“If you want to go ahead and bully me, go for it,” Kiss said. “I don’t have to read it, I don’t have to reply, I don’t have to like it, I don’t have to ‘put tears on it,’ [I’ll] just ignore you, you’ll go away.”
Ray Hooper said candidates in the current election have been attacked online. “These people don’t deserve my anger, they get my pity instead,” he said.
Finally the mayoral candidates had a chance to address the question.
Facio mentioned ‘fake news’ and said social media users should attack the issue, not the person.
“Take the time to find out the truth,” he said. “If you need to get information either ask the council or come into the office and get the right news…”
Allen rolled his eyes at Facio’s response before replying himself, saying: “Bullying is when somebody is using superior power to victimize a person,” he said, adding that he uses Facebook pages like ‘Harrison Hot Springs News and Views’ for news and opinions – a page where is also a frequent poster and commenter.
Allen’s reply was met with boos and heckling from the crowd.
“We should not let this allegation of bullying be confused with censorship,” Allen added. “I, for one, will be opposed to any attempt to shut down the public’s right to express their opinion or ask their questions. I’m fully in support of community-based social media as a means of communication in the Village of Harrison.”
Mayoral candidates Facio and Allen were put head to head after Main read a question about costs submitted by a community member.
“There has been a number of questions from the community about various costs the Village has undertaken in recent years,” said Main. He then read a part of the question addressed specifically to Allen. Each candidate had only two minutes to address the question.
“You have stated that the bowling green cost the Village $50,000 and the exercise equipment cost $1 million. This is not consistent with other cost estimates on these [items]. Could you confirm and explain what these numbers are based on?”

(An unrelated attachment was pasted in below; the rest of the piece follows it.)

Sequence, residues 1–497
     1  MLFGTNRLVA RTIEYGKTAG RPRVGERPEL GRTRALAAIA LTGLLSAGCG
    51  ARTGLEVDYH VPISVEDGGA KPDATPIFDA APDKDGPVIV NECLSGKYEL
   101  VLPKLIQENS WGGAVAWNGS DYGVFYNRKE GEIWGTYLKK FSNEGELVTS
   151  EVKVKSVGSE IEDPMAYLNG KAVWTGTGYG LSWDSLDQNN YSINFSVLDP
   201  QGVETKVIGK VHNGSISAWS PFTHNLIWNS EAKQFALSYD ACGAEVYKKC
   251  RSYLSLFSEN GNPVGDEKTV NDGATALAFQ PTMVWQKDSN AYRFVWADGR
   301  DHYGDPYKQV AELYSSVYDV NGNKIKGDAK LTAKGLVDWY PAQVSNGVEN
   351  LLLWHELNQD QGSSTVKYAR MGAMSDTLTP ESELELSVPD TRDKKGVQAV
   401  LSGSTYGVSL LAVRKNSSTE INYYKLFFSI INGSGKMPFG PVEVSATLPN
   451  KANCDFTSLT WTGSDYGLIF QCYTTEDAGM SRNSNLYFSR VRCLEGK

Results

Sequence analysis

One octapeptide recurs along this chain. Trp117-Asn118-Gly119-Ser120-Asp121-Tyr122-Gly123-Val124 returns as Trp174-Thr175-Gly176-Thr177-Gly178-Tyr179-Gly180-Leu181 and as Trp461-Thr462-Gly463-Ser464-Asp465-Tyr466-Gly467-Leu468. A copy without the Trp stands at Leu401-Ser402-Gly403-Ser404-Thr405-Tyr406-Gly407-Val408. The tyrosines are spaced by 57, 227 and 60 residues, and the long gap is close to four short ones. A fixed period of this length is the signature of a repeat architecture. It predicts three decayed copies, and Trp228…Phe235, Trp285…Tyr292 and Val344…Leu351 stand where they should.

Allen said he was confused and asked for clarification on the question a number of times.
Finally he responded, alleging the bowling green was installed without council approval or public discussion. “The speculation in the Village has been that it cost $50,000. We don’t know what it cost, but in the absence of facts, you’re going to get speculation…”
Allen said he estimates the cost of the exercise equipment, installed atop the publish washrooms on Harrison Beach, was closer to $1.5 million.
Facio struck back, saying the bowling green area was done before his administration, but that council did put up fencing and other aesthetic measures that cost $10,000. He claimed the exercise equipment cost the Village $23,000, not $1 million.
Tourism and short-term rentals
All candidates were asked about tourism, of which most said that more could be done with things like the Circle Farm Tour and encouraging tourism during off-season. Wong even threw out the idea of a casino boat on Harrison Lake.
Still, all candidates stood staunchly against short-term rentals in the Village, saying the noise and disturbance outweighed any tourism benefits.
Next week’s Observer will include questions and answers with councillor candidates from Kent, Harrison and Electoral Area-C. The General Voting Day for Harrison Hot Springs is Oct. 20 from 8 a.m. to 8 p.m. at Harrison Hot Springs Elementary.